The summer holidays are in full swing, which hopefully means lots of fun
fuelled day trips to the beach with the kids. Here at Tutor Doctor we
know how important beach safety is for the whole family. From sunscreen
to water safety we’ve covered the 7 most important things to keep
your children safe on the beach this summer.
Water safety is by far the most important thing to consider when visiting
the beach. Here’s what you’ll need to be thinking about when
the kids are going into the sea:
Rip currents are one of the most dangerous things about the sea and can
pull out even the strongest swimmers. It’s crucial to recognise
the signs of the water so you can be prepared and keep the whole family
safe. Here’s what The National Oceanic and Atmospheric Administration
(NOAA) recommend looking out for.
- A channel of churning choppy water
- Difference in the colour of water
- Lines of foam, seaweed or debris moving seaward
- A break in the incoming wave pattern
Inflatables may seem like a great idea but perhaps are best saved for
the swimming pool rather than the beach. They can easily float out to
sea, even if there is only a slight wind. We know that the kids might
not like this idea but safety should always come before fun.
In the UK jellyfish often lurk in the shallow waters, so it’s important
to look out for their clear jelly-like bodies. Symptoms of a sting include
blisters, pain, tingling and itching. If you think your child has been
stung remember to not rub the injured area, as it will only make the pain
worse. Always contact a lifeguard or a doctor for further treatment.
It’s important that your kids are always supervised on the beach,
especially when going near the water. Even though you think you have prepared
them by having swimming lessons the sea can be unpredictable- so don’t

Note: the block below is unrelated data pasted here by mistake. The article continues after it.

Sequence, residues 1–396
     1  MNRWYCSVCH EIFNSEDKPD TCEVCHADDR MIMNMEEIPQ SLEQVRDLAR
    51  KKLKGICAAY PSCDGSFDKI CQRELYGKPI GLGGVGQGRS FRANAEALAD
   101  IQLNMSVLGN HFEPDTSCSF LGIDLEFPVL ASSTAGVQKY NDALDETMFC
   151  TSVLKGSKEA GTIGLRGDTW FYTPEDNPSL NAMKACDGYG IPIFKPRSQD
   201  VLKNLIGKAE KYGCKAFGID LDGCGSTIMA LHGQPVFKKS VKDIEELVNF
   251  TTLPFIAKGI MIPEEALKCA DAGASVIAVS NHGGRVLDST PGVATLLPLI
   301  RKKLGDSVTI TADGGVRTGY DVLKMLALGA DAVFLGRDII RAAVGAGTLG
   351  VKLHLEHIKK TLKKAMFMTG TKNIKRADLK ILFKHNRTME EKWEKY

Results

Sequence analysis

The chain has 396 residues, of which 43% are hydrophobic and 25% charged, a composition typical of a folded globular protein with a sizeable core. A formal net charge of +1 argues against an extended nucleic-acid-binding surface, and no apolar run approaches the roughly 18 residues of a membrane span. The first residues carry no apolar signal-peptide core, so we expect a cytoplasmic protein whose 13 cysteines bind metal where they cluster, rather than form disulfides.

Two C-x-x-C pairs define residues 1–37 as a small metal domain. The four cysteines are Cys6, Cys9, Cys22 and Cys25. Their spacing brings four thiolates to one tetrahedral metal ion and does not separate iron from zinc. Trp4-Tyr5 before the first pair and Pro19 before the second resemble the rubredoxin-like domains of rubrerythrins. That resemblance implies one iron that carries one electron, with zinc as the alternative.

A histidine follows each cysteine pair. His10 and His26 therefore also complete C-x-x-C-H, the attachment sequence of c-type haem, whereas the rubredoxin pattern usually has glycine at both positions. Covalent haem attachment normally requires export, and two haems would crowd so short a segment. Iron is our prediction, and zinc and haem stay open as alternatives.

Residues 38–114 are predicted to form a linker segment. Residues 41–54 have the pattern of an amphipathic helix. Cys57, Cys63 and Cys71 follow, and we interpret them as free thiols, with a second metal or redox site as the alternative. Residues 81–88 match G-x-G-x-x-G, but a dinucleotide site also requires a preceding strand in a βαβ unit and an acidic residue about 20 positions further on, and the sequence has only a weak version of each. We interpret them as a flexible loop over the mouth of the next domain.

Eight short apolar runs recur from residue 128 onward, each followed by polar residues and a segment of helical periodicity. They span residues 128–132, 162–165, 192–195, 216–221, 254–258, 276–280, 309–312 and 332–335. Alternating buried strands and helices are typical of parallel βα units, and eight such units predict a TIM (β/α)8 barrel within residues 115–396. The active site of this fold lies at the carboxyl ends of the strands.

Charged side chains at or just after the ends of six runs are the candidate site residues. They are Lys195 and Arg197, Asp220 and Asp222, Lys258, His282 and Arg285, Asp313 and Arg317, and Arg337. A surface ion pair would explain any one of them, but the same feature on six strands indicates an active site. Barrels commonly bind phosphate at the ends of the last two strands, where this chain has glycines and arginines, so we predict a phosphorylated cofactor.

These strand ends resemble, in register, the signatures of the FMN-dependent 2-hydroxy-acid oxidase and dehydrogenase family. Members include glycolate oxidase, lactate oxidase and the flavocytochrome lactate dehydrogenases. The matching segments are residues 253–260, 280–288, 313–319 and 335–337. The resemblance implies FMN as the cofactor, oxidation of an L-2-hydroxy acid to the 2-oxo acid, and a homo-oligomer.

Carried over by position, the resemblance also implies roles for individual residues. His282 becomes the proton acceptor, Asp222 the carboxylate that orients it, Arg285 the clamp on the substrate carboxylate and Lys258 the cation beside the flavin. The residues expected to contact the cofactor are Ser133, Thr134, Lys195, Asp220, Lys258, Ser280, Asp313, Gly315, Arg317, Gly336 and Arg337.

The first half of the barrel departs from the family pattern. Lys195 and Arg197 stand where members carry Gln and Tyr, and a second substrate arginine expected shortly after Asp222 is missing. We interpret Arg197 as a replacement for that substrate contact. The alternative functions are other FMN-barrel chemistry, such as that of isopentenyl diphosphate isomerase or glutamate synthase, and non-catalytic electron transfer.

let them swim alone. Waves can also be deceiving and sweep kids under
in less than a second- so make sure someone always has their eyes on them.
2. Choose a beach with a lifeguard
It’s always best to choose a beach that has lifeguards present.
Not only are they fully trained to watch out for hazards but will look
out for your children’s safety.
3. Know your Beach flags
Beach flags are one of the most important things to look out for when
spending the day at the beach, especially if there isn’t a lifeguard
present. Not only should you be able to recognise them but your kids should do too.
Red Flag = No Swimming at all
Between Two Red and Yellow Flags = Safe to swim
Between Two Black and White Flags = No swimming- surfers/windsurfers only
Orange Windsock = Dangerous Wind Conditions
4. Keep Hydrated
Whilst having a fun day at the beach it’s super easy to forget to
have enough to drink. Often children are so busy playing in the sand or
swimming they won’t always let you know they are thirsty. So make
sure you keep lots of water to hand and offer it to them often.This will
prevent dehydration, which can be dangerous if left untreated.
5.Apply and re-apply sunscreen
Being sun smart is vital- especially as children have delicate skin that
burns more easily than adults. Try using SPF 30+ and make sure your kids
are wearing a hat and a rash t-shirt for extra protection. Apply every
two hours and re-apply after the kids get out the water.
6.Make the most of the shade
On a really hot day it’s important to not be exposed to the sun
for too long, especially when it’s at its hottest which is usually
around 12-3pm. Try to make the most of the shade- even if the kids don’t
want to. Perhaps have a long lunch or encourage some beach reading.
7. Make sure the kids wear appropriate footwear
Try and encourage the kids to wear flip-flops or sandals on the sand.
Not only can it get extremely hot, but there are assorts of hidden nasties
such as glass, sharp rocks and shells. You could even invest in some water
shoes if your child is always in and out of the sea.
Even though it’s vital parents know about beach safety, it’s
just as important that your children know about it too. Make sure you
tell them about these safety points- you could even make it fun and get
them to make their own poster.